This guest post was written by Spencer Klavan.
Among the most perplexing features of Donald Trump’s surge to victory has been the enthusiastic support of evangelical Christians for a man who can barely name any books of the Bible. Now that Trump’s nomination has forced me to consider soberly the real possibility of casting a vote for that man, I’m finding the Christian groundswell behind Trump ever more mystifying. One of my most pressing objections to voting for Trump is that I can’t see a way to do so as a Christian. I’m starting to think Trump’s ideology might represent the actual opposite of Christianity.
Here’s what I don’t mean by that. I don’t mean that Trump is such a meanie and my sweet, precious Jesus would never tolerate all that yelling. Reports of Christ’s niceness have been greatly exaggerated. Flip through the gospels and you’ll find a much rougher, scrappier character than you may have been led to expect–upending tables, talking back to his mother, fiercely vituperating his best friends. The use of the term “Christian” to mean “cuddly” is one of the more distasteful banalizations of that word in American popular culture. “Unchristian” isn’t a synonym for “uncouth.”
No, my problem is that Trump’s worldview is pretty much diametrically opposed to the one inherent in Jesus’ life story. By his own gleeful admission, Trump is all about “winning, winning, winning.” This means that from the bedroom to the electoral college, he defines human value in terms of material and worldly success. Who’s got the hottest wife, the biggest fortune, the most votes? These are the questions that, for Trump, determine which members of our species are worthwhile. The losers–prisoners of war, victims of violence, the disabled–don’t count.
By contrast, perhaps the single most anomalous aspect of Christianity is that it united a global movement behind the biggest loser in history. This is what disgusted Nietzsche about our faith and what inspired the martyrs of the early church to march to their disgraceful deaths singing hymns of triumph and joy. In earthly terms–the terms Trump understands–Jesus was a poor, homeless failure who never managed to cash in on his initially promising popularity campaign. He had charisma, but the bottom line is that he ended up humiliated and killed. Trump, one may surmise, likes religious leaders who don’t get nailed to a cross.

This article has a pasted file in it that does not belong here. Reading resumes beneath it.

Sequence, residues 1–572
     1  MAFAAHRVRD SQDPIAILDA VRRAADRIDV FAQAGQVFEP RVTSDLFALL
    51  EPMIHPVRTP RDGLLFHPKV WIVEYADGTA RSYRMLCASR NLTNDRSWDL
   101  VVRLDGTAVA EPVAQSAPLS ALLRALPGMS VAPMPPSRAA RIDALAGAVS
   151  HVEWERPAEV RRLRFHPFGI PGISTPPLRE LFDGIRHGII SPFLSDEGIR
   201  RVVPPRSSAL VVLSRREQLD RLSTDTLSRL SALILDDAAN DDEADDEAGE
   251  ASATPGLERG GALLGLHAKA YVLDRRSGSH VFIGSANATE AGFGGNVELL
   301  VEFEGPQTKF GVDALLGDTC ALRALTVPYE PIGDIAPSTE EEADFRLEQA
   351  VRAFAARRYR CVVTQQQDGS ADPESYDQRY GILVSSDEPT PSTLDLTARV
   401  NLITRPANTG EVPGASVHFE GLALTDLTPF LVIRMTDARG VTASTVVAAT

Christianity is loser-worship. That’s what makes it a radical paradigm shift unlike anything before or since. The crucifixion places God firmly on the side of mankind’s write-offs–it counts him chief among their numbers. In so doing it utterly negates the power-driven systems that have governed human society since its inception. Prisoners, women, the mentally ill: we thought these were the rejects. In fact, they are among the first invited into intimate relationship with the most high God. We were sure that those who suffer inexplicable calamity are under the judgment of heaven; it turns out they are in the company of its king.
The wealthy, educated elite who produce and consume the media–among whom I include myself–will be just fine no matter who gets elected. But there are scores of people whose lives depend on this, and we had no idea how badly they were hurting. They are desperate for the security and prosperity Trump claims he can provide.
Only in a fallen world would those people rally behind a man so constitutionally disdainful of them. Granted, their options weren’t great. Hillary Clinton lied to their faces, and Bernie Sanders promised to infantilize them until the country went broke. But Trump expressly mocks their poverty and rejects the whole premise of the one philosophy that exalts them as children of God. Christians are called to serve a king whose kingdom is not of this world, as Trump’s so manifestly is.
The words “President Hillary” nauseate me a little. But how can I vote for Trump and still glorify the loser who saved my soul?
About Spencer Klavan
Spencer Klavan is either a gentleman or a scholar, depending on whom you ask. He studies Ancient Greek literature at Oxford University and writes when the spirit (or a deadline) moves him.